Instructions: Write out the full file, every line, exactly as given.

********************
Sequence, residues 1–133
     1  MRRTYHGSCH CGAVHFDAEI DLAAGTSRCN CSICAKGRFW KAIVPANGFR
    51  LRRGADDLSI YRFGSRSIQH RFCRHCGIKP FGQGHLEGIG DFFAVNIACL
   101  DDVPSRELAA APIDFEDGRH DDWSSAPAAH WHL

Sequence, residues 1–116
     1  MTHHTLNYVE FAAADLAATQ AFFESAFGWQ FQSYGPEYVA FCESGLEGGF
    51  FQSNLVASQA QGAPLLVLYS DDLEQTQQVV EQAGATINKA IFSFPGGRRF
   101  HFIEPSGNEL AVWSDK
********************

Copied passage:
Sequence, residues 1–133
     1  MRRTYHGSCH CGAVHFDAEI DLAAGTSRCN CSICAKGRFW KAIVPANGFR
    51  LRRGADDLSI YRFGSRSIQH RFCRHCGIKP FGQGHLEGIG DFFAVNIACL
   101  DDVPSRELAA APIDFEDGRH DDWSSAPAAH WHL

Sequence, residues 1–116
     1  MTHHTLNYVE FAAADLAATQ AFFESAFGWQ FQSYGPEYVA FCESGLEGGF
    51  FQSNLVASQA QGAPLLVLYS DDLEQTQQVV EQAGATINKA IFSFPGGRRF
   101  HFIEPSGNEL AVWSDK